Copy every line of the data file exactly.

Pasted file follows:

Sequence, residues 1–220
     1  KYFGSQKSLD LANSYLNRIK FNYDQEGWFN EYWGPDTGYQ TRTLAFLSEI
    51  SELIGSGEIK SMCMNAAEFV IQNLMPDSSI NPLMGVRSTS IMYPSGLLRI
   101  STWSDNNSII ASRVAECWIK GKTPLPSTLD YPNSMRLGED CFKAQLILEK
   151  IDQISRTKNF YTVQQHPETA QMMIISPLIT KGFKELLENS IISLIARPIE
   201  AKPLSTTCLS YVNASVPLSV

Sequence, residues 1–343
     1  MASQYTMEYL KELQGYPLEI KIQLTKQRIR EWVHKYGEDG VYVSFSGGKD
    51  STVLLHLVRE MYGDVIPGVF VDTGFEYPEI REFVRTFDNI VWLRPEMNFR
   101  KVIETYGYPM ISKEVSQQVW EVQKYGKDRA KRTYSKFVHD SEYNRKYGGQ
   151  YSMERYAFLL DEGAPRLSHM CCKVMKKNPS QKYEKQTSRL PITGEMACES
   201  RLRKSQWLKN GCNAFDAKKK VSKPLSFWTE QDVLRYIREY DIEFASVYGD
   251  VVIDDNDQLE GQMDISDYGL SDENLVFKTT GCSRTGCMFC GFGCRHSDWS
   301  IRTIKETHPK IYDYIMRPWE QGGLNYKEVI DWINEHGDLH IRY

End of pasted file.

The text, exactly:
Sequence, residues 1–220
     1  KYFGSQKSLD LANSYLNRIK FNYDQEGWFN EYWGPDTGYQ TRTLAFLSEI
    51  SELIGSGEIK SMCMNAAEFV IQNLMPDSSI NPLMGVRSTS IMYPSGLLRI
   101  STWSDNNSII ASRVAECWIK GKTPLPSTLD YPNSMRLGED CFKAQLILEK
   151  IDQISRTKNF YTVQQHPETA QMMIISPLIT KGFKELLENS IISLIARPIE
   201  AKPLSTTCLS YVNASVPLSV

Sequence, residues 1–343
     1  MASQYTMEYL KELQGYPLEI KIQLTKQRIR EWVHKYGEDG VYVSFSGGKD
    51  STVLLHLVRE MYGDVIPGVF VDTGFEYPEI REFVRTFDNI VWLRPEMNFR
   101  KVIETYGYPM ISKEVSQQVW EVQKYGKDRA KRTYSKFVHD SEYNRKYGGQ
   151  YSMERYAFLL DEGAPRLSHM CCKVMKKNPS QKYEKQTSRL PITGEMACES
   201  RLRKSQWLKN GCNAFDAKKK VSKPLSFWTE QDVLRYIREY DIEFASVYGD
   251  VVIDDNDQLE GQMDISDYGL SDENLVFKTT GCSRTGCMFC GFGCRHSDWS
   301  IRTIKETHPK IYDYIMRPWE QGGLNYKEVI DWINEHGDLH IRY